The “VPN certificate validation failure” error is exclusive to the Cisco AnyConnect VPN client for Windows, Mac, and Linux. An added reason for a quick solution is that the software is frequently used in a business setting, interconnecting computers into a secure, efficient network. And while it performs wonderfully most of the time, things sure can go wrong unexpectedly. What’s more, employees can’t always reach a network engineer and are often left to their own devices. That’s precisely when we’d like to swoop in and save the day. Let’s demonstrate how to fix the “VPN certificate validation failure” error.
1. Go through standard troubleshooting steps
Before you get into an array of unnecessary steps, make sure the problem isn’t a glitch, bug, or temporary downtime. By this, we mean going through steps 1 through 6 in our “VPN connection failed. The Request was aborted” error fix guide. Once you’ve tried that and it didn’t work, press on.
2. Double-check the VPN client profile
In essence, you need to verify the hostname and host address are still valid. Even if you haven’t made changes manually, your network admin might have, to the server or the client. To demonstrate this, we’ll use Cisco AnyConnect VPN client profile on macOS:
- Find the profile file with a .XML extension in the “/opt/cisco/anyconnect/profile” folder.
- Confirm that the bolded parts are still correct:
<HostName> Hostname for VPN </HostName>
<HostAddress> FQDN (Fully Qualified Domain Name) or server’s IP address </HostAddress>
3. Has the SSL/TLS certificate expired?
A common cause of the “VPN certificate validation failure” error is the expiration of the SSL certificate. While in the past they were issued for longer, in 2021 the period is reduced to either 12 months or 13 months (397 days). Although there are many ways to do this, we’ll use the ASDM client to demonstrate checking SSL/TLS certificate expiration date:
- Open the ASDM interface for your device and operating system. We’ll use Windows Cisco ASDM for ASA.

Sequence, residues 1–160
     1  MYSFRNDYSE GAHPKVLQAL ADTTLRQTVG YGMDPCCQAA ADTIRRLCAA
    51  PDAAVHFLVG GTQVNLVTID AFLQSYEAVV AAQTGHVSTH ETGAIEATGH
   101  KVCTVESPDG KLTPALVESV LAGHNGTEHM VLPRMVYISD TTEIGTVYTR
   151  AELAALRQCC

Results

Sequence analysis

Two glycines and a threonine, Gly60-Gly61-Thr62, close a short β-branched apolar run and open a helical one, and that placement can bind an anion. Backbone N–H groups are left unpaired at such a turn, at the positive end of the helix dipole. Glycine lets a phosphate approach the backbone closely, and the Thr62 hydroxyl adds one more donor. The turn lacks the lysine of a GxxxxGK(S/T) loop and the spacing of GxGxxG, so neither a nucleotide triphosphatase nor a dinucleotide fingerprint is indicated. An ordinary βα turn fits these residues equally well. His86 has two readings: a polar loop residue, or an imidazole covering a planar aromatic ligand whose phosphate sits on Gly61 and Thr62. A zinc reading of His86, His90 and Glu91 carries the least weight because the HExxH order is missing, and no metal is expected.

- Switch to the Configuration tab in the top left corner.
- Go to Device Management, then Certificate Management.
- Select CA Certificates.
- Click the Show Details button on the right-hand side.
- In the General tab, check the dates listed under Valid From and Valid To.
4. Install a new SSL or TLS certificate
If your certificate expired, then you know regenerating them is the way to fix the “VPN certificate validation failure” error. Here’s what to do:
- Follow steps 1 through 4 above.
- Highlight expired certificates and click on the Delete button to remove them.
- Download renewed certificates.
Tip. We’ll demonstrate this using “DigiCert CA” chain certificates: High Assurance EV Root CA and SHA2 High Assurance Server CA, available at www.digicert.com/digicert-root-certificates.htm.
- After downloading, go back to the CA Certificates window and click on the Add button.
- On the Install Certificate window, click on the Install from a file button.
- Click on Browse…, select a digital certificate file, then click on Install.
- Finally, click on Install Certificate, then Send at the Preview CLI Commands prompt.
- Repeat steps 4-8 for the other certificate file.
I want to use the PEM client certificate. What should I do?